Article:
54 years later, and finding myself in Montenegro having lashed out and hired a car, I set out to retrace his steps.  I managed to track down a map of Yugoslavia from 1954 and plot where the original roads had been back then (a new, straight road now takes you right there).  The actual driving part was not as easy as you may think, given the first section has been completely replaced by a modern road.  I was determined to recreate the journey as faithfully as possible, however and spent the next two hours finding all the bits of the original road and driving every last one of them – in one case the road was so overgrown I couldn’t get through and so walked that section, went back for the car and then drove around from the other side of the impasse to continue.  It was quite the adventure and took me into some countryside that I would otherwise never have experienced (it actually took me into someone’s garden at one point – people here seem to have a habit of just building houses and putting up fences over paths and roads they consider to be no longer useful).  That was the only piece of the road I was forced to miss.  I could totally see Dad’s point though – these roads were terrible!  Windy and badly surfaced – but with some really beautiful views.  Although the wheel was probably busy working its way off over all these bumps, it kindly decided not to make its departure from the car until a good piece of road as you can see from the pictures.  Unfortunately I didn’t have the benefit of these pictures while I was searching or for sure I would have found the exact bend.  For now I will have to make do with knowing I drove it..wherever it was.  The track is saved for posterity on Wikiloc for anyone who wants to check it out or recreate it themselves.  I noticed someone has already put a bike trail on there based on my original GPS track so it seems that Dad’s legacy will live on!

My second task was to find that cave.  After two false starts at sites that potentially matched the description, I came across a compound which belonged to the police and thought that could have been the old military complex.  So I started having a nosy around the area and taking photos on the sly -remembering Dad’s run-in with the Police and not wanting anyone to think I was an international spy (it would be an easy mistake to make, I admit).  At the back of the Police compound was an area I can only describe as a service vehicle graveyard – police and military vehicles of every ilk and era lay abandoned as the weeds grew all around them.  I then crossed the road to a fenced off enclosure and pulled up to their gate … to find a symbol affixed of a tank and several other pieces of signage indicative of the presence of a military base at some stage in the past.  And across the river…several caves that matched the description – BINGO!!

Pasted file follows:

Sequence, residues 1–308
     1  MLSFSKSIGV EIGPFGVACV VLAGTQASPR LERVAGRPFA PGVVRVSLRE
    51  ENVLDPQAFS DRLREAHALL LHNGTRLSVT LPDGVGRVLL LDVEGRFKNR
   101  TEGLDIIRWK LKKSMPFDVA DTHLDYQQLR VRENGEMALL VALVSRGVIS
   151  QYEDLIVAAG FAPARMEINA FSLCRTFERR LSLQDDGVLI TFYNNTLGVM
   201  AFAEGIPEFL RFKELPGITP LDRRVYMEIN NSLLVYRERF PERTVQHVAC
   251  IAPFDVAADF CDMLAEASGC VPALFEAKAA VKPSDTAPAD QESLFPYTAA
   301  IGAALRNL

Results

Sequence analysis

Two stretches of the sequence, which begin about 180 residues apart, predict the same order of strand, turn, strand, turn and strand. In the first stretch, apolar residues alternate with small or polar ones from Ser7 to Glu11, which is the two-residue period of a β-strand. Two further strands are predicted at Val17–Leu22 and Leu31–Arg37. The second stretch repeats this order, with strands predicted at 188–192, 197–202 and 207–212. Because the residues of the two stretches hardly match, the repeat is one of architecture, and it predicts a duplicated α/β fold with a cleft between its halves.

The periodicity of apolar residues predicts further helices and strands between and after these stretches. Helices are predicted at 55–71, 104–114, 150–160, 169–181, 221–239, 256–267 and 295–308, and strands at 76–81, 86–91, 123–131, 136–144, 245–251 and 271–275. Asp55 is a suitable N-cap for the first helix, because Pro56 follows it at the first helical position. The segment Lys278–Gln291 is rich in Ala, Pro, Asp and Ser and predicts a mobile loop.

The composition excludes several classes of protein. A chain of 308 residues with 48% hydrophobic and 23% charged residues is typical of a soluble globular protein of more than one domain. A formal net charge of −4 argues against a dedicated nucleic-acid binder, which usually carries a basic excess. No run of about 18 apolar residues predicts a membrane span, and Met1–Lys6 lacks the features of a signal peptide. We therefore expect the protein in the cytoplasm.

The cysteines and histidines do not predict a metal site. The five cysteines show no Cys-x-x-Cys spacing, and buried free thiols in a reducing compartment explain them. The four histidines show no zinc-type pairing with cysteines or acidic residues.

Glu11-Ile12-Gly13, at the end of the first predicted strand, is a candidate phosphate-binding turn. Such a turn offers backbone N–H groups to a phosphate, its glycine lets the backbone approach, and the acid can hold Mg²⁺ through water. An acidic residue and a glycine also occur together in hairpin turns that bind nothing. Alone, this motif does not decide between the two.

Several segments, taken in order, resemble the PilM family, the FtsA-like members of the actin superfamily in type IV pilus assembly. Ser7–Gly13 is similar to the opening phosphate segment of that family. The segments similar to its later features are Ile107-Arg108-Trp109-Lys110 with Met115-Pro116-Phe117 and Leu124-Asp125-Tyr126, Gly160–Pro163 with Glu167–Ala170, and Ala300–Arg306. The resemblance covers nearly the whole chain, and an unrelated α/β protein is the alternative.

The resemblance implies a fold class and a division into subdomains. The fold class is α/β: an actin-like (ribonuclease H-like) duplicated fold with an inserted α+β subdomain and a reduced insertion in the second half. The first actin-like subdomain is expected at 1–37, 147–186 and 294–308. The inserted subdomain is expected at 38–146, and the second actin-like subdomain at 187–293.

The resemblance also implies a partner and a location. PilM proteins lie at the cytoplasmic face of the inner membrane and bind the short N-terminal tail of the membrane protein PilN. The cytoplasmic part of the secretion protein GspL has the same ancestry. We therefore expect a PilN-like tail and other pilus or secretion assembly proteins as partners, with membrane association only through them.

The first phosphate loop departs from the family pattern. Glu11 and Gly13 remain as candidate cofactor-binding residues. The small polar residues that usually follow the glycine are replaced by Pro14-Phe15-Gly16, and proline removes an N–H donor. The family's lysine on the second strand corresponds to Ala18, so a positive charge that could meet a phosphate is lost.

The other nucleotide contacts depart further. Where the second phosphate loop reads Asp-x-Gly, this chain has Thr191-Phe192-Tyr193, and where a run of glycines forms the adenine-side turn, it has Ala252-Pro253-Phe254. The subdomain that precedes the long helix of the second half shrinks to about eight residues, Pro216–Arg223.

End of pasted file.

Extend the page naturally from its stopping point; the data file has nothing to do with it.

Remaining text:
I had originally planned to sleep for a night in the cave and eat only apples for dinner as a form of homage to the great man, but reality soon put paid to that idea when I saw how much the city had obviously grown since 1961 (not to mention the complete absence of local apple trees to provide my windfall dinner).  The area is now covered in apartment blocks and, while the caves still exist, somehow I didn’t fancy my chances of getting into the cave unnoticed by the residents in an area that appears to be catering to those untouched by Europe’s economic miracle.  So, as a compromise, I skulled a well-earned bottle of apple juice and toasted my superior detective skills.  Later that night I was glad of my decision as I settled down in my own luxuriously appointed apartment (to which I had been upgraded by the kind owners so I wouldn’t be disturbed by a group of young men staying on the same floor as the cheapo room I had booked) as the owner told me that those caves are full of snakes!  I mean I like snakes but I don’t really want to share my sleeping bag with one.

So – mission accomplished!!  And I have made a film to celebrate the 54th anniversary of “Dad’s Disaster”, which was Dad’s birthday present this year.  Better than a tin of pineapple…but only marginally.